My name is @Artlust and I would like to adopt the McNay Museum of Art.
Tell us a bit more about yourself
As a museum eduator and art historian for more than a decade, my goal has always been to engage visitors of all ages in museum life and its collections through interpretation that feels relevant, enriching, and most importantly enjoyable.
Tell us a bit more about your adopted museum
Located in San Antonio, Texas, in the USA, the McNay is like an oasis, both physically with its garden like grounds and in its installations. The collection includes some medieval and renaissance art, southwest art, theater arts, and glass, but my money is on their contemporary and modern art. There is a charge to enter, but it does include all the exhibitions.
Why have you chosen to adopt this museum?
I loved the McNay because it truly seems to love its visitors. Rather than saying the insipid “please don’t touch” or the authoritative “do not touch,” the McNay had creative signs that got to the core of why people touch. So, for example, if an artwork had a particularly tactile appearance, a sign might say (with extreme paraphrasing here), “We know you wonder if it is soft. It is—but please don’t touch.” Additionally, a family space was directly adjacent to the exhibition, making families feel this was a welcoming and responsive institution. In these spaces, drop by activities included brads and glue. Many institutions fear families so much that they would never allow glue and brads so close to the artwork. (I would also say that this is also a sign that the institution values their education staff enough to trust that they can manage such a space while keeping the art safe.)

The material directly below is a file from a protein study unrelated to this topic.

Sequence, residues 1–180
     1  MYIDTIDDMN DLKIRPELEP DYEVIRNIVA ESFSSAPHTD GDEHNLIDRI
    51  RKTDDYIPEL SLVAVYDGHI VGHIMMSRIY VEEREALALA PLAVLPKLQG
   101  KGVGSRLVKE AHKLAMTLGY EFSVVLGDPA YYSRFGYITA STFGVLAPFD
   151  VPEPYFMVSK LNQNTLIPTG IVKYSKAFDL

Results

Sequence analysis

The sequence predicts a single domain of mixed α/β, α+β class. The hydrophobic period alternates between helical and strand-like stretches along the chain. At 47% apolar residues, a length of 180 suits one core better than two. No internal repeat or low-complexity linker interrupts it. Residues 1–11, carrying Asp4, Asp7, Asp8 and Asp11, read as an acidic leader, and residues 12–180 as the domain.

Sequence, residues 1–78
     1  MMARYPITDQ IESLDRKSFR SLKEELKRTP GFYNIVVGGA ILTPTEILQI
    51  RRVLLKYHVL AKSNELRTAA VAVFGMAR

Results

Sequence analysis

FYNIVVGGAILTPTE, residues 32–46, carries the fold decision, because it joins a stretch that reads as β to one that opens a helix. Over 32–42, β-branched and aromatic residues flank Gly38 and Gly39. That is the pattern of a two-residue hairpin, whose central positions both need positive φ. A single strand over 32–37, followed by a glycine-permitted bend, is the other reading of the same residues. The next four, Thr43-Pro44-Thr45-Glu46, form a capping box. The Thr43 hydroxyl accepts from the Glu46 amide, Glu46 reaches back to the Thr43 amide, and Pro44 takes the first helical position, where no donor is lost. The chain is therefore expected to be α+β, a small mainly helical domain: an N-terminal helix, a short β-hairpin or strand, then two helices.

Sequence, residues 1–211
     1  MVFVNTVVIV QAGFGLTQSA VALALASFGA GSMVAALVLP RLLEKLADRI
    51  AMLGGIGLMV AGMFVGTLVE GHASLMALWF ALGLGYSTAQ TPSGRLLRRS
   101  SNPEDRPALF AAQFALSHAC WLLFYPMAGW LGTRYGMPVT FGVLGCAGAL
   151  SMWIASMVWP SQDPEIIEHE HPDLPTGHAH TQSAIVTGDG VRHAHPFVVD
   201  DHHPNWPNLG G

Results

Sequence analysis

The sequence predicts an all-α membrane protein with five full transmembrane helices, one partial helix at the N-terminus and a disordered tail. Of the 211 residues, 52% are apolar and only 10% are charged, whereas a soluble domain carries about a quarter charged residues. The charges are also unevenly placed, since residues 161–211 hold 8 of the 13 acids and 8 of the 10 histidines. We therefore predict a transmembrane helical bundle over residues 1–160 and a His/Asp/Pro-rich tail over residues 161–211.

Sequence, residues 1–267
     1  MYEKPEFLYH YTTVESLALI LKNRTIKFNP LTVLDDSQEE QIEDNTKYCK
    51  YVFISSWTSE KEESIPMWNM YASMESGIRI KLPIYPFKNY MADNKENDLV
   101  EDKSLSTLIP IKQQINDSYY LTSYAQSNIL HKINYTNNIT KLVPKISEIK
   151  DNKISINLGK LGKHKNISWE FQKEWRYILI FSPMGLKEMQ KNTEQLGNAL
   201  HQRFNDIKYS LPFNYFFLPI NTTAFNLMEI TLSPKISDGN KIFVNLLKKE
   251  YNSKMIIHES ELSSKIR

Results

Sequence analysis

Why would you recommend people visit?
The McNay is an institution that invites everyone to enjoy art in an incredibly inclusive manner. From education programs to the written interpretation to the staff, the McNay is completely open-arms and approachable.
How would you sum up your museum in three words?
Inclusive, Humorous, Lovely
(Image source: Jim Nix/ Nomadic Pursuits on Flickr via Creative Commons)